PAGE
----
The evaluation of overall event performance and identification of likely contributing factors were completed based on the case study data alone. Findings from the larger data set, as included here, are used only as a further test of the robustness of case study conclusions. Measures A Kaizen event is a complex organizational phenomenon, with the potential of impacting both a technical system (i. e. , work area performance) and a social system (i. e. , participating employees and work area employees). In addition, Kaizen events typically use a semi-autonomous team (a social system) to apply a specific set of technical problem-solving tools.
Thus, a complex and varied Engineering Management Journal Vol. 20 No. 3 set of measures – including both technical system measures and social system measures – is necessary in studying Kaizen events. Exhibit 1 presents the research model developed to study initial Kaizen event outcomes. (See Farris, Van Aken, Doolen, and Worley, 20061, for a description of how the factors in the model were identified. ) For the study of longitudinal outcomes, additional factors related to the target work area and sustainability mechanisms will be included.
The variables studied in the research on initial outcomes are summarized in Exhibit 2. The longitudinal study of Kaizen event outcomes investigates the relationship between technical system outcomes, work area factors, and follow-up mechanisms. Technical system outcomes to be studied include perceived success (overall success), impact on the area, and the percentage of improvement sustained. Work area factors to be investigated include work area employee learning behaviors, work area employee stewardship, work area employee Kaizen capabilities (i. e. task- and problem-solving knowledge, skills, and abilities gained from Kaizen event participation), work area employee commitment to Kaizen events, and the history of Kaizen events in the target work area (both before and after the target Kaizen event). Follow-up mechanisms to be investigated include the amount of resources invested on follow-up (hours), as well as the specific mechanism used (e. g. , management review meetings, audits, training on new standard work procedures, etc. ) Methods Each participating organization first completes a semi-structured interview on its Kaizen event program as a whole (i. . , the way it plans, implements, sustains, and supports Kaizen events). This interview guide contains 35 open-ended questions related to the Kaizen event program. Then for each Kaizen event studied September 2008 11 Exhibit 2. Variables Studied in Research on Initial Outcomes Goal Clarity Team perceptions of the clarity of their improvement goals Goal Difficulty Team perceptions of the difficulty of their improvement goals Team Kaizen Experience Average number of previous Kaizen events completed by team members Team Functional Heterogeneity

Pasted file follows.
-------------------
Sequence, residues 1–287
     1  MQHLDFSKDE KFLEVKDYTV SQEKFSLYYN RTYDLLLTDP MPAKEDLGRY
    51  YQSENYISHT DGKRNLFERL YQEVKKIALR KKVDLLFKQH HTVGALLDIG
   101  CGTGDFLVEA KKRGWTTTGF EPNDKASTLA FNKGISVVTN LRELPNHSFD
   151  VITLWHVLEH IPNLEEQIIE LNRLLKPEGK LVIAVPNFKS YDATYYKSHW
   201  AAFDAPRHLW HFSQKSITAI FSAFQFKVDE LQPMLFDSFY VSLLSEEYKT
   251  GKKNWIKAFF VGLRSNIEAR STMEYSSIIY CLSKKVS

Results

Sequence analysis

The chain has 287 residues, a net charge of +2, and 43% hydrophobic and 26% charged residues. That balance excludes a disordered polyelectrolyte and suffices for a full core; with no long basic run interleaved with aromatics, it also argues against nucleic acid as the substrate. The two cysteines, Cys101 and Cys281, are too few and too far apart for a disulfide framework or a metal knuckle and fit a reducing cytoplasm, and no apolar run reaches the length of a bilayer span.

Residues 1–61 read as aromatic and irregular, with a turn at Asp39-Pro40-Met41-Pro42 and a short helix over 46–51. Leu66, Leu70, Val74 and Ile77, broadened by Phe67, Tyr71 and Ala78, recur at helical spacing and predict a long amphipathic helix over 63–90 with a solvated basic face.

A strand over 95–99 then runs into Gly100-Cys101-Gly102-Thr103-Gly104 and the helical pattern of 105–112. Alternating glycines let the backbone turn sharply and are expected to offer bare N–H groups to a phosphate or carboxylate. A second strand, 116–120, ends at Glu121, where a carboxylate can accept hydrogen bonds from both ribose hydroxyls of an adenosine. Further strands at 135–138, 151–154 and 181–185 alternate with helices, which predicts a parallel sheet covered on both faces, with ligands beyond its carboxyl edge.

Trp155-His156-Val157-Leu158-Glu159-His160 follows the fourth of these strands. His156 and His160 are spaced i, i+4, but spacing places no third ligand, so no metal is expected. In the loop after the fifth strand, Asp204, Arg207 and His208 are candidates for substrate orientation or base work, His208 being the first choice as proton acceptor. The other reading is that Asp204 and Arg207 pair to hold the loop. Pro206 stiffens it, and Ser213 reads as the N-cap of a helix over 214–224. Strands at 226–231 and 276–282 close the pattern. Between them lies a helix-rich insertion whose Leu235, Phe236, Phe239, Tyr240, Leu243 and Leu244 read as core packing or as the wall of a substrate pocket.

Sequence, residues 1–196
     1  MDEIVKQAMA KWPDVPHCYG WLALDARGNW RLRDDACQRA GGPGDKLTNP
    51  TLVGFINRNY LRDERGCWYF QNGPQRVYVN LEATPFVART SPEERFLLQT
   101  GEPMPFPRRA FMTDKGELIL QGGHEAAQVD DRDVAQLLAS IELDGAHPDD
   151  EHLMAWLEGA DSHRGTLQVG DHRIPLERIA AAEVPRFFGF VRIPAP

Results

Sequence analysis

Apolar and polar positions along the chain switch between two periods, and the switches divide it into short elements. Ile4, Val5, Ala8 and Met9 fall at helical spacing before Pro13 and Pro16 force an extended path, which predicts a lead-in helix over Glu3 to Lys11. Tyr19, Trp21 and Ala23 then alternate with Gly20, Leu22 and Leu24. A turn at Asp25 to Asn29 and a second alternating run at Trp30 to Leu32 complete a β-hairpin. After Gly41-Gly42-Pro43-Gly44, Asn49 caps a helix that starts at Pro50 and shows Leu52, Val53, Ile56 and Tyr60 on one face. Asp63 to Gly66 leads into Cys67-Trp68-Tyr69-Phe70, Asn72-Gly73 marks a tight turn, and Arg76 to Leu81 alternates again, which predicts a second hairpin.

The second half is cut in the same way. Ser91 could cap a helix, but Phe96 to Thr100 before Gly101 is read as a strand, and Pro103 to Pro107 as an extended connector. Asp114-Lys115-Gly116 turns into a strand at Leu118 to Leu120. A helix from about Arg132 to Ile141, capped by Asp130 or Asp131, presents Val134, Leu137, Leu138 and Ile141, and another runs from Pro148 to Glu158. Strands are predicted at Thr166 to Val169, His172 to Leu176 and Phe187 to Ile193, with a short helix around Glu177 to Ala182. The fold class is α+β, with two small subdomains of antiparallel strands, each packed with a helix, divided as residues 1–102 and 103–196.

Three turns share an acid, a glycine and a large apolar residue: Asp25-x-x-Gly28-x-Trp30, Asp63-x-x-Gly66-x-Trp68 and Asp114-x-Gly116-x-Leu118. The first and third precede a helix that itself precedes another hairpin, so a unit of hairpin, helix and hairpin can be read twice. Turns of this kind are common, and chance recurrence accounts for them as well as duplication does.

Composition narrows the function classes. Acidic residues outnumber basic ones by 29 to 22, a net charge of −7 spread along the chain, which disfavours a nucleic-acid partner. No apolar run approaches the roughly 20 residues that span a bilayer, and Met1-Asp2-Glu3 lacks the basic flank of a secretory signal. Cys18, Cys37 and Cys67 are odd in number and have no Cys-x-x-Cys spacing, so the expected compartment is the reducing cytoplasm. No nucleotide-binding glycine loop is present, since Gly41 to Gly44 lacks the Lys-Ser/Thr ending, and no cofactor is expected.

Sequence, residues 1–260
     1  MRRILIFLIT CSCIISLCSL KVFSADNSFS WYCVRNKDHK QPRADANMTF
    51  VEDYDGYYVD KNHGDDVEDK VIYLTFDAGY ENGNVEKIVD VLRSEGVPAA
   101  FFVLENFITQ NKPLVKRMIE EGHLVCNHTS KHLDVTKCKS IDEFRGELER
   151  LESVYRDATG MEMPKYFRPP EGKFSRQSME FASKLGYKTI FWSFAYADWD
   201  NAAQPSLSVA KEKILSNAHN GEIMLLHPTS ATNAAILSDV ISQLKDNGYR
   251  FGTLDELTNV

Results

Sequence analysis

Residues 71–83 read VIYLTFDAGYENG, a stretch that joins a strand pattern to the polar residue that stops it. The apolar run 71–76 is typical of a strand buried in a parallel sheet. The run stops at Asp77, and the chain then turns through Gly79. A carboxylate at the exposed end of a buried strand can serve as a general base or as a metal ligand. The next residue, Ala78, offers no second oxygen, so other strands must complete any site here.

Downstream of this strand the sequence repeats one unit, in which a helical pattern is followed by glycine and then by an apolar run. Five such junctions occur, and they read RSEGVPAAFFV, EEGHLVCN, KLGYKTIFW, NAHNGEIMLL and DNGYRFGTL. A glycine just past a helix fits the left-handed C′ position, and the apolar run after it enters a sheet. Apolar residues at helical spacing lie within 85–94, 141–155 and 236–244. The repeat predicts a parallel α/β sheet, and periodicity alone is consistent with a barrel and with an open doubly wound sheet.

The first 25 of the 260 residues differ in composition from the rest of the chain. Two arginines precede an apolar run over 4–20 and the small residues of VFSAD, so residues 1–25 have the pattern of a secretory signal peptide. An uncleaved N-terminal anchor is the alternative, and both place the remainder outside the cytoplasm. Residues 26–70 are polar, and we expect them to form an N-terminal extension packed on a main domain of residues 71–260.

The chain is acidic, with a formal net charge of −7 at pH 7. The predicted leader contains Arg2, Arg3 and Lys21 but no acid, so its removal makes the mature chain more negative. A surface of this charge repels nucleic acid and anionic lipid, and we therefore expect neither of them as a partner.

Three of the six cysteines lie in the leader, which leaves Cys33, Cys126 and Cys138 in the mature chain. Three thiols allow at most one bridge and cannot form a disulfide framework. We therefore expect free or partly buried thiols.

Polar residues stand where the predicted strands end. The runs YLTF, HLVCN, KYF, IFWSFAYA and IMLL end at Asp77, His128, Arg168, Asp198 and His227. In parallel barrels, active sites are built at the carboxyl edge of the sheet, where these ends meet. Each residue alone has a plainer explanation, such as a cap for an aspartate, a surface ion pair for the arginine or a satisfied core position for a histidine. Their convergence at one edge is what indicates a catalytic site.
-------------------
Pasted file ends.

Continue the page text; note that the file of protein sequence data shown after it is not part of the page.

Diversity of functional expertise within the Kaizen event team Team Autonomy Amount of control over event activities given to the Kaizen event team Team Leader Experience Number of previous Kaizen events the team leader has led or co-led Management Support Team perceptions of the adequacy of resources dedicated to the event Event Planning Process Total person-hours invested in planning Work Area Routineness General complexity of the target system, based on the stability of the product mix and degree of routineness of product flow Action Orientation
Team perceptions of the extent to which their team focused on implementation versus analysis Affective Commitment to Change Team member perceptions of the need for the Kaizen event Tool Appropriateness Facilitator rating of the appropriateness of the problem-solving tools used by the team during the event Tool Quality Facilitator rating of the quality of the team’s use of these tools Internal Processes Team member ratings of the internal harmony and coordination of their team. Goal Achievement Aggregate percentage of major improvement goals met Perceived Success (Overall Success)